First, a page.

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“ Moreover, the hired men of the Companie demaund some recompence for their greate losse, and the Widowes and Orphanes of players, who are paide by the Sharers at diuers rates and proporcons, soe as in the whole it will coste the Lo. Mayor and Citizens at the least 7000 li.”

3. A letter from Samuel Daniel to the Rt. Hon. Sir Thomas Egerton, from which, Mr. Collier remarks, may perhaps conclude that Shakespeare, as well as Michael Drayton, had been candidates for the post of Master of the Queen's revels.”—(See note 75, p. xxxv.) and COLLIER's Life of Shakespeare, p. 173.

To the Right honorable Sir Thomas Egerton, Knight, Lord Keeper of the great Seale of England. I will not indeavour, Right honorable, to thanke you in wordes for this new great and vnlookt for favor showne vnto me, whereby I am bound to you for ever, and hope one day with true harte and simple skill to prove that I am not vnmindfull.

Most earnestly doe I wishe I could praise as your Honour has knowne to deserue, for then should I, like my maister Spencer, whose memorie your Honor cherisheth, leave behinde me some worthie worke, to be treasured by posteritie ; What my pore muse could performe in haste is here set downe, and though it be farre below what other poets and better pennes have written it commeth from a gratefull harte and therefore maye be accepted. I shall now be able to live free from those cares and troubles that hetherto hane been my continuall and wearisome companions. But a little time is paste since I was called vpon to thanke yoʻ honor for my brothers advancement and nowe I thanke you for my owne wch double kindnes will alwaies receive double gratefullnes at both our handes.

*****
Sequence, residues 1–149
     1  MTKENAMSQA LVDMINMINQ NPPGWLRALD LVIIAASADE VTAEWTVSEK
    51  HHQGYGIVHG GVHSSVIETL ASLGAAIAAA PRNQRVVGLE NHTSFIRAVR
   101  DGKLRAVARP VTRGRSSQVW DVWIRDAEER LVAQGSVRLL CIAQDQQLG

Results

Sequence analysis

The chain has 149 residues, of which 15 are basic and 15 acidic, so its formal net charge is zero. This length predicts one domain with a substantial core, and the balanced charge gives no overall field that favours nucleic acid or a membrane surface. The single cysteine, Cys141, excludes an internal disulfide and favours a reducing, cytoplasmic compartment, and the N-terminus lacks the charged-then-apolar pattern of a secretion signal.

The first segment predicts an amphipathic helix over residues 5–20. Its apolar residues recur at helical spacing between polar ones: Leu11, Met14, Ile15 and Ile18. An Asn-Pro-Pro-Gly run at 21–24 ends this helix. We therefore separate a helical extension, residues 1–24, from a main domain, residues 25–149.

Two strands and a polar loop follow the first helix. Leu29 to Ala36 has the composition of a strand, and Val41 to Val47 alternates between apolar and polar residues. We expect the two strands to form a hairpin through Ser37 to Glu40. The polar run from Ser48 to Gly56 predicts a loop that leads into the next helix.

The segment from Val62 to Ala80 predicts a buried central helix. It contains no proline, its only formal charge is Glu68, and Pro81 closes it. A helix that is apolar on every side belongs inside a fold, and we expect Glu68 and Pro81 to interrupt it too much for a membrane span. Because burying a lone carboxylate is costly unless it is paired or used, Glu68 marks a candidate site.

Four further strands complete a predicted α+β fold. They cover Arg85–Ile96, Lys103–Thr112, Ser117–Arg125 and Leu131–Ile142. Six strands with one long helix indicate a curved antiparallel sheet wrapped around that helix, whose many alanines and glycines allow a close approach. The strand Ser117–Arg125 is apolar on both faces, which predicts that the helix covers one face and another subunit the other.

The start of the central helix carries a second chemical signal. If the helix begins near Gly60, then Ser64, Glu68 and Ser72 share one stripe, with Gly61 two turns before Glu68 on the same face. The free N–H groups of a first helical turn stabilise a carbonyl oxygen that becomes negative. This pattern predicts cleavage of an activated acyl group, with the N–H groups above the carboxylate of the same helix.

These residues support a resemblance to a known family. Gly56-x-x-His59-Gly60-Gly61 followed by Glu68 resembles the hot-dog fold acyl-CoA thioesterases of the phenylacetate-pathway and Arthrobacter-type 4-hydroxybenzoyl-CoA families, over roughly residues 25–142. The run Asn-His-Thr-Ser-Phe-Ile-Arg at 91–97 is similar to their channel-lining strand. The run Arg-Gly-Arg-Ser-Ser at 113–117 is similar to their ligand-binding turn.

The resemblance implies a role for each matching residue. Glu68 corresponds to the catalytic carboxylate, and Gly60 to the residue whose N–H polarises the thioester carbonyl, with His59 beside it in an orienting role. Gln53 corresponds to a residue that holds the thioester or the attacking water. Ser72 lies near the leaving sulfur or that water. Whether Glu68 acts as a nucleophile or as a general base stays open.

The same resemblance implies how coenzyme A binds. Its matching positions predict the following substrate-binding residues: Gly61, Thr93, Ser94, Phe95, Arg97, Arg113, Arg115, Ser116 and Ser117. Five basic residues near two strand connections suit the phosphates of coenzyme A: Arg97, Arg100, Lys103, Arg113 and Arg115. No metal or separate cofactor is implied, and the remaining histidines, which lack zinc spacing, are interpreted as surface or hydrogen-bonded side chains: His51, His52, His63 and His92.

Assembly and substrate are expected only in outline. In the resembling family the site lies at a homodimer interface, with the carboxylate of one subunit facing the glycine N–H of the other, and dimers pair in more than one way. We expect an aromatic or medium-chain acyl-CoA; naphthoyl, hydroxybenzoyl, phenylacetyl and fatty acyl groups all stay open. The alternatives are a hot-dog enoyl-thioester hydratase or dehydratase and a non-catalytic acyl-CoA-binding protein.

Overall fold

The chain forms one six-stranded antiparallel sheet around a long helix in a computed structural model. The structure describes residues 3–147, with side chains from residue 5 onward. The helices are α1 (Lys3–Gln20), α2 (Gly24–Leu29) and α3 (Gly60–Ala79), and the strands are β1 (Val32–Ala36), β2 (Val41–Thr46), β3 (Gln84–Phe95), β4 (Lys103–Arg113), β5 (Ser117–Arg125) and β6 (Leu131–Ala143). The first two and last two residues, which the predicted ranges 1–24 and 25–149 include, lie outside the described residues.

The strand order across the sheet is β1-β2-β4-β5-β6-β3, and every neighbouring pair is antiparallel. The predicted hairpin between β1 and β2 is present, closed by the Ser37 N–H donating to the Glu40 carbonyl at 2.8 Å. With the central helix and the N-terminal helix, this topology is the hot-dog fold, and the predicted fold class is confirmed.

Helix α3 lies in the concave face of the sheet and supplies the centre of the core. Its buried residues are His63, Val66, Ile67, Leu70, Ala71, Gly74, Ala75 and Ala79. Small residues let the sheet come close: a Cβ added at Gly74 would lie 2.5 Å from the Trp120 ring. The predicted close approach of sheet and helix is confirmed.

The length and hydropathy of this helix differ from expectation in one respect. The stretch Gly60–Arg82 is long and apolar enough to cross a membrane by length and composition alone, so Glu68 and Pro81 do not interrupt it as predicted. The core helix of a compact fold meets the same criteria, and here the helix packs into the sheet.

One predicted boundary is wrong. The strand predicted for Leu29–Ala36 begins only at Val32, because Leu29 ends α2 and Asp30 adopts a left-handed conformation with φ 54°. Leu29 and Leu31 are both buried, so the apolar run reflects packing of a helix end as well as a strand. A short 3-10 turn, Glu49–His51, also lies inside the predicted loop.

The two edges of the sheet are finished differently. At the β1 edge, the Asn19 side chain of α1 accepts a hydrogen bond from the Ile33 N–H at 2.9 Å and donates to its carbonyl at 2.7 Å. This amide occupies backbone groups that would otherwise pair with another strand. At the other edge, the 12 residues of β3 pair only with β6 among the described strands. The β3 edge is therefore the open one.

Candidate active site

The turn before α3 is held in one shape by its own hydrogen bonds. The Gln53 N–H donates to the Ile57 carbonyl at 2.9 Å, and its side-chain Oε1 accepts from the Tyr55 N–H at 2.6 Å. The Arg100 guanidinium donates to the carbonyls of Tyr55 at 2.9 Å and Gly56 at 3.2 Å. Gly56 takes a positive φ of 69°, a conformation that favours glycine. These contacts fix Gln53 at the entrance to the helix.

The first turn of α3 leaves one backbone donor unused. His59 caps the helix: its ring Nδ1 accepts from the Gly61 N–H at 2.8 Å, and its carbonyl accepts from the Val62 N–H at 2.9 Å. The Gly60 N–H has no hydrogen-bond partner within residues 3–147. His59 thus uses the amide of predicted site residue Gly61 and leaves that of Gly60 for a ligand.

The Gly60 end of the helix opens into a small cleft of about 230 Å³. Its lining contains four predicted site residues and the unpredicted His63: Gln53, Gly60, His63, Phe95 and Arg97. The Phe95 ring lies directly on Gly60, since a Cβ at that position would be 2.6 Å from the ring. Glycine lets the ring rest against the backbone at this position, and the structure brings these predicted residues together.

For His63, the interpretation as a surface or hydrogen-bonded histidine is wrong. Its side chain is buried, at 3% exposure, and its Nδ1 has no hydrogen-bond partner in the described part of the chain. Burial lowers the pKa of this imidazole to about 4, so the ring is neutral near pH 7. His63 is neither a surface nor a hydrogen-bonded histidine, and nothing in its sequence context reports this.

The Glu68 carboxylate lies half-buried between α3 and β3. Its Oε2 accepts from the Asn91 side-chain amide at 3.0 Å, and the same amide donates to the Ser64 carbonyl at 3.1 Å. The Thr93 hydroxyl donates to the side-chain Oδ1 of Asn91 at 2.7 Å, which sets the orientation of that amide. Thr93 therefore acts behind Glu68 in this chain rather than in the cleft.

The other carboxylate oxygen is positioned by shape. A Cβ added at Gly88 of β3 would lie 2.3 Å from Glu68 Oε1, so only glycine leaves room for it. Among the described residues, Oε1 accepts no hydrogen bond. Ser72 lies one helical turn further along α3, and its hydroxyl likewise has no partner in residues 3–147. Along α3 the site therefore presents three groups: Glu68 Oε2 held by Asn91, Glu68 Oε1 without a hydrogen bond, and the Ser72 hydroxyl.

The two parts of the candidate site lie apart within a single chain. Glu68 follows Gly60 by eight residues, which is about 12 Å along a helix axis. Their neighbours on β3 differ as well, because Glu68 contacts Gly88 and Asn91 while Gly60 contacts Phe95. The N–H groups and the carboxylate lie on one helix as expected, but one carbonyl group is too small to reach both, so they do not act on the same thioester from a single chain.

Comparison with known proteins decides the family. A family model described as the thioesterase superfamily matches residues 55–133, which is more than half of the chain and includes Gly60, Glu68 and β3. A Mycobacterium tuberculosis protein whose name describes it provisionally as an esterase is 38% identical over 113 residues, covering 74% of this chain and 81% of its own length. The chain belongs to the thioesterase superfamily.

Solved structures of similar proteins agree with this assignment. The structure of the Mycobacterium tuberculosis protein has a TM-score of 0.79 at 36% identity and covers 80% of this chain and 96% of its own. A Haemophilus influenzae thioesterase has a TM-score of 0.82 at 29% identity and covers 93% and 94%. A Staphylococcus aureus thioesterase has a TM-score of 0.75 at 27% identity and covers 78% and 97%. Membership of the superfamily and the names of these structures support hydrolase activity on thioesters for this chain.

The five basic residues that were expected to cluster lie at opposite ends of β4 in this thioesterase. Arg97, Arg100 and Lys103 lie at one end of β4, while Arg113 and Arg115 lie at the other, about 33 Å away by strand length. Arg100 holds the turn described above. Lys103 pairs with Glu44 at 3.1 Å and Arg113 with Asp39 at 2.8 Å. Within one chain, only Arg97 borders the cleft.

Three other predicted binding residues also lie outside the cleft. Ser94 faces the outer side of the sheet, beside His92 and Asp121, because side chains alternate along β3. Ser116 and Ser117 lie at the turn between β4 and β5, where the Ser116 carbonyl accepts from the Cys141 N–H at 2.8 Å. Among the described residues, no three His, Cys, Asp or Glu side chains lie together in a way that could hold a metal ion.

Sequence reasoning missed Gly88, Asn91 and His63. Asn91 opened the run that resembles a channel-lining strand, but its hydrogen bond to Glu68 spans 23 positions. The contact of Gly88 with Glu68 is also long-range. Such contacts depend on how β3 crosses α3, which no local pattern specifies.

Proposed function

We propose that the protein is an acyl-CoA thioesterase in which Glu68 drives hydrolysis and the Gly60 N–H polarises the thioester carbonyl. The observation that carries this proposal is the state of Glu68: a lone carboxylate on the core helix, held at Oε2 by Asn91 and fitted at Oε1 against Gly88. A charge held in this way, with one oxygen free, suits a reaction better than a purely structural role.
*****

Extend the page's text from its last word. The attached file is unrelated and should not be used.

I cannot but knowe that I am lesse deseruing then some that sued by other of the nobilitie vnto her Matie for this roome, if M. Drayton my good friend had bene chosen I should not have murmured for sure I am he wold have filled it most excellentlie: but it seemeth to myne humble iudgement that one which is the authour of playes now daylie presented on the publick stages of London and the possessor of no small gaines, and moreover himself an actor in the kinges companie of Commedias, could not with reason pretend to be m' of the Queenes Maties Reuelles for as much as he wold sometimes be asked to approue and allowe of his owne writinge. Therfore he and more of like qualitie cannot iustly be disappointed because through yor Honors gracious interposition the chance was haply myne. I owe this and all else to yo' Honors and if euer I haue time and abilitie to finishe anie noble vndertaking as God graunt one daye I shall, the worke will rather be yo? Honors then myne. God maketh a poet but his creation would be in vaine if patrones did not make him to liue. Yo Honor hath ever showne yoselfe the friend of desert, and pitty it were if this should be the first exception to the rule. It shall not be whiles my poore witt and strength doe remaine to me, though the verses wek I nowe sende be indeed noe proofe of myne abilitie I onely intreat yor Honor to accept the same the rather as an earnest of my good will then as an example of my good deede. In all thinges I am yor Honors